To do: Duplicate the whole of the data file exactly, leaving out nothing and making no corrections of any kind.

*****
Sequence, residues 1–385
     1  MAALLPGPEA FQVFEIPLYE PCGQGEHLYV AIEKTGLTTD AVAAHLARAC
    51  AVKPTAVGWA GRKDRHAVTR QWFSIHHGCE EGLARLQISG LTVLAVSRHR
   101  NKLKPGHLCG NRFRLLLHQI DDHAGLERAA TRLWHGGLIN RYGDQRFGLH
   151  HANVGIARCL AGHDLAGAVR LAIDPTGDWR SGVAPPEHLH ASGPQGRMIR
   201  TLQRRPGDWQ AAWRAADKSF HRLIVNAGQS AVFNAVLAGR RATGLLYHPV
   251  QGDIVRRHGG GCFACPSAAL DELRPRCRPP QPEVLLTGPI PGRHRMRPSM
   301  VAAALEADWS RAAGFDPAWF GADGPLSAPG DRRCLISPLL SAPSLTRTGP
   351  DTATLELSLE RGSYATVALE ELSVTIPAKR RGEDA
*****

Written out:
Sequence, residues 1–385
     1  MAALLPGPEA FQVFEIPLYE PCGQGEHLYV AIEKTGLTTD AVAAHLARAC
    51  AVKPTAVGWA GRKDRHAVTR QWFSIHHGCE EGLARLQISG LTVLAVSRHR
   101  NKLKPGHLCG NRFRLLLHQI DDHAGLERAA TRLWHGGLIN RYGDQRFGLH
   151  HANVGIARCL AGHDLAGAVR LAIDPTGDWR SGVAPPEHLH ASGPQGRMIR
   201  TLQRRPGDWQ AAWRAADKSF HRLIVNAGQS AVFNAVLAGR RATGLLYHPV
   251  QGDIVRRHGG GCFACPSAAL DELRPRCRPP QPEVLLTGPI PGRHRMRPSM
   301  VAAALEADWS RAAGFDPAWF GADGPLSAPG DRRCLISPLL SAPSLTRTGP
   351  DTATLELSLE RGSYATVALE ELSVTIPAKR RGEDA